The suPAR level is associated with:

  • Chronic renal diseases3
  • Future incidence of chronic renal diseases4
  • Declining eGFR4,5

In the kidneys, suPAR plays a role in the regulation of the permeability of the glomerular filtration barrier, and suPAR may be involved in podocyte damage and development of focal segmental glomerulosclerosis and diabetic nephropathy1,2.

The suPAR level increases in patients with chronic renal diseases, and a high level is significantly associated with mortality and incidence of cardiovascular diseases in these patients3.

The association between suPAR and chronic renal diseases has been further studied in a large study4. It was found that the suPAR level was an independent predictor of declining eGFR. During the study follow-up period of 3.7 years, the decline in eGFR in subjects in the lower suPAR quartile was 0.9 mL/min/1.73 m2 and 4.2 mL/min/1.73 m2 in the upper quartile.

In 1335 individuals with an eGFR >60 mL/min/1.73 m2 at study start, a suPAR level in the upper quartile was associated with a significantly increased incidence of chronic renal diseases compared to those in the lower quartile; all in all, a 3-fold increased risk4.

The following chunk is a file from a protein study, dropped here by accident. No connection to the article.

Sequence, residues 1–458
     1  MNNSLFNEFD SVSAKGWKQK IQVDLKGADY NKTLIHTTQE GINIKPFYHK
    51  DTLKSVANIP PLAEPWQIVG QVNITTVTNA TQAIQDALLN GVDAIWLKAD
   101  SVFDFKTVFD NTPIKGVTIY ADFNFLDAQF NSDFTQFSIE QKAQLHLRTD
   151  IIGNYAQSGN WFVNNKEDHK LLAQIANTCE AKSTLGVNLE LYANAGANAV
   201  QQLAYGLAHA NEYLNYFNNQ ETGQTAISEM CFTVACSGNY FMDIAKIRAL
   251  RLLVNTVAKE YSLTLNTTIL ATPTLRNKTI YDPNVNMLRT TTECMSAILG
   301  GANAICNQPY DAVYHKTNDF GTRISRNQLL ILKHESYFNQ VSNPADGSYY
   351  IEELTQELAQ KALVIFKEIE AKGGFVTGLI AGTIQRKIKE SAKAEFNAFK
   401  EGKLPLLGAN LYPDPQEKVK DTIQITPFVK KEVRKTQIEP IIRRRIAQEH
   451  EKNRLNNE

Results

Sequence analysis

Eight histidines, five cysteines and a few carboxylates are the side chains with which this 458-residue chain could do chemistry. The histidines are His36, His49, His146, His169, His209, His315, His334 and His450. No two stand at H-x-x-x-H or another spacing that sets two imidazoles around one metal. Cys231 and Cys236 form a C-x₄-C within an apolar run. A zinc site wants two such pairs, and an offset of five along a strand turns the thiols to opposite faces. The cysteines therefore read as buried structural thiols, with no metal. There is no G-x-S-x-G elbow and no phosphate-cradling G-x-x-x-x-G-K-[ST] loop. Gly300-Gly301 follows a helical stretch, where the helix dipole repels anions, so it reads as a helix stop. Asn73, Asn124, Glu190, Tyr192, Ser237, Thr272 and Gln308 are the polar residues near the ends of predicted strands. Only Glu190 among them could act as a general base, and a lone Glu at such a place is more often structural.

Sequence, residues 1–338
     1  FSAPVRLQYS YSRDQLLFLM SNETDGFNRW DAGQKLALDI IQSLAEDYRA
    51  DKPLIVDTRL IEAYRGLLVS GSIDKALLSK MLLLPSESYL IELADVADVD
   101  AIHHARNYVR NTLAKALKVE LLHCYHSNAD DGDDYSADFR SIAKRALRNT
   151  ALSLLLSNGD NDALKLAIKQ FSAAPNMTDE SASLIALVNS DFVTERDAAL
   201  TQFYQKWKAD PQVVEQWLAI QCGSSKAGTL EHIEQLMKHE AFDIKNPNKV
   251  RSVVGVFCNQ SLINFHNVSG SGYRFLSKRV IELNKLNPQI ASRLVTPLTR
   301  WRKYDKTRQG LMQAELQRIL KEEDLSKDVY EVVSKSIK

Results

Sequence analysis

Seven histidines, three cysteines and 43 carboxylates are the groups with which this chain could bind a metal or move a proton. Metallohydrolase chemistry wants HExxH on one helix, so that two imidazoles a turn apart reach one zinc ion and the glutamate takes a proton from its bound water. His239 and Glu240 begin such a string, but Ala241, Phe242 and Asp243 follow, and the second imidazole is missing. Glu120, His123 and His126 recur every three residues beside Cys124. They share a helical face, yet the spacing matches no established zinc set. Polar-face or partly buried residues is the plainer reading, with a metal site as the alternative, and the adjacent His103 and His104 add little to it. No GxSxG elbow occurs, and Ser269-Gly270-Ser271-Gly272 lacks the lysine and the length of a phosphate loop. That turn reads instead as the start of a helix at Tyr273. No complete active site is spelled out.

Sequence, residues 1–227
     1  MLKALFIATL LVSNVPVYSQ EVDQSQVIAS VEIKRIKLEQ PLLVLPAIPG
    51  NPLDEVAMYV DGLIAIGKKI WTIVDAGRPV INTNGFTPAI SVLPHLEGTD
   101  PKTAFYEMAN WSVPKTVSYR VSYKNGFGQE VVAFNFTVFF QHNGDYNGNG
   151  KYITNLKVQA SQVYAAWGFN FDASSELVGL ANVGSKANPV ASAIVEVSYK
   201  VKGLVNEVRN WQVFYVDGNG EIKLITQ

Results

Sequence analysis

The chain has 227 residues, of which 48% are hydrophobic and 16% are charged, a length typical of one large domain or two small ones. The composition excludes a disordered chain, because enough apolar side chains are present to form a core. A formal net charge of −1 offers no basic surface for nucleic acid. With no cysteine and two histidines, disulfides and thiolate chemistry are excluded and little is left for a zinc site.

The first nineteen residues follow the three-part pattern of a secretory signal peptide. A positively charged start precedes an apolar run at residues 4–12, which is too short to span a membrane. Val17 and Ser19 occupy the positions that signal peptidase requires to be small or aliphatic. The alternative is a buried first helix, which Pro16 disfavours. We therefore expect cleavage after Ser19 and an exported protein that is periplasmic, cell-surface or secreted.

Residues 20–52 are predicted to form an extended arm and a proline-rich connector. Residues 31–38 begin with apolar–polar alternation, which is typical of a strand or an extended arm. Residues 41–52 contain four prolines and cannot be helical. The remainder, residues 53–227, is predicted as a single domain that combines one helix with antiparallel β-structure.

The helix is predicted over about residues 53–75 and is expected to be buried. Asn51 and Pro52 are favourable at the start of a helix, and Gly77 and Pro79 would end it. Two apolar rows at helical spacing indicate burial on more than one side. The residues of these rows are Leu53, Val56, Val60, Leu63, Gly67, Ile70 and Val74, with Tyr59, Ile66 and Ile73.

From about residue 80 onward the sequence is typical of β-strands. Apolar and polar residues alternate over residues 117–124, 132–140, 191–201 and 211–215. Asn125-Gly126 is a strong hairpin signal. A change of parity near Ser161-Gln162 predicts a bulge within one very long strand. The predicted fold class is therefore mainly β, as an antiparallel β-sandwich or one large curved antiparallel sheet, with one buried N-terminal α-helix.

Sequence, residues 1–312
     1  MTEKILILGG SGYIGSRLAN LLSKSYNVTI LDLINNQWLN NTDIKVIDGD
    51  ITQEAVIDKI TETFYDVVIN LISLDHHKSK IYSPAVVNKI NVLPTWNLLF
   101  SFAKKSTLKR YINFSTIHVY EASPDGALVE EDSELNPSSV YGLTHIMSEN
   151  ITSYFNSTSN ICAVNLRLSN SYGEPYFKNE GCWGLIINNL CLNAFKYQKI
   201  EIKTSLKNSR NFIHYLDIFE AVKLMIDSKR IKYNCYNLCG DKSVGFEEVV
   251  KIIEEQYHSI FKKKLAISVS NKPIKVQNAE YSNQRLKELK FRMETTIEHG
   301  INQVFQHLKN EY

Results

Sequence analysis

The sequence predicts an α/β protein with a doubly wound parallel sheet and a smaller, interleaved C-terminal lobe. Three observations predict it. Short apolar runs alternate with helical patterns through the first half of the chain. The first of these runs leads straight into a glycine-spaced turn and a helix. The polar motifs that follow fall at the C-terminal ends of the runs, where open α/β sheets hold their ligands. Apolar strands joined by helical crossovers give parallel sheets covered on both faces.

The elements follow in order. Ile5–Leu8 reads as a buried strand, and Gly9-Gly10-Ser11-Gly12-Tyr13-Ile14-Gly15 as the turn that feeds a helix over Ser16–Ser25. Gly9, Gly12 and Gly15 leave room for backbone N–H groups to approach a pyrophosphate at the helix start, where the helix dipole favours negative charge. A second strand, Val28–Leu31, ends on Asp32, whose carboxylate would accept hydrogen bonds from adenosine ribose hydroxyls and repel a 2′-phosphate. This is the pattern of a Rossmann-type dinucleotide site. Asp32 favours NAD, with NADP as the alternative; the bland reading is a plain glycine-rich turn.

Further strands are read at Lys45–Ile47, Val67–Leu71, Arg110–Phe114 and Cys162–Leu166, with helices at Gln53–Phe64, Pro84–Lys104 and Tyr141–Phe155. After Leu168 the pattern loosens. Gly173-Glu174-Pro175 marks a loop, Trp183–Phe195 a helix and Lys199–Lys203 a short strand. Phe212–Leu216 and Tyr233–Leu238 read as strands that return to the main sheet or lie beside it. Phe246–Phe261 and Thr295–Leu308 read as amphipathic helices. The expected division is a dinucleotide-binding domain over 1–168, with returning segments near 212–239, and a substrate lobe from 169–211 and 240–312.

In patients with primary and secondary glomerulonephritis, an elevated suPAR level is similarly associated with reduced eGFR and presence of proteinuria5.

Reduced renal function causes a significant increase in suPAR level, and in hemodialysis patients, the mean value is 14.8 ng/mL. In this group of patients, a high level is associated with increased mortality and increased risk of hospitalization6.

Another resent study further supports the strong link between suPAR and development of kidney disease. This study of patients with type 1 diabetes showed that elevated suPAR is associated with increased risk of fast eGFR decline and of end-stage renal disease7.


1. Wei c, El Hindi S, Li J et al. Circulating urokinase receptor as a cause of focal segmental glomerulosclerosis. Nat Med 2011;17:952-60.
2. Yoo H, Pedigo CE, Guzman J. Sphingomyelinase-like phosphodiesterase 3b expression levels determine podocyte injury phenotypes in glomerular disease. J AM Soc Nephrol 2015 jan;26(1):133-47
3. Meijers B, Poesen R, Claes K et al. Soluble urokinase receptor is a biomarker of cardiovascular disease in chronic kidney disease. Kidney Int 2015 Jan;87(1):210-216.
4. Hayek S, Sever S, Ko Y et al. Soluble urokinase receptor and chronic kidney disease. N Engl J Med. 2015 Nov 12; 373(20):1916-25.
5. Musetti C, Quaglia M, Cena T et al. Circulating suPAR levels are affected by glomerular filtration rate and proteinuria in primary and secondary glomerulonephritis. J Nephrol 2015 Jun;28(3):299-305.
6. Griveas I, Andpriopoulos C, Sitaras P et al. Soluble urokinase plasminogen receptor: A future risk marker for hemodialysis patients Nephrol. Dial. Transplant 2015;30(suppl 3)
7. Rotbain Curovic V et al, Soluble Urokinase Plasminogen Activator Receptor Predicts Cardiovascular Events, Kidney Function Decline, and Mortality in Patients With Type 1 Diabetes. Diabetes Care. 2019. pii: dc181427.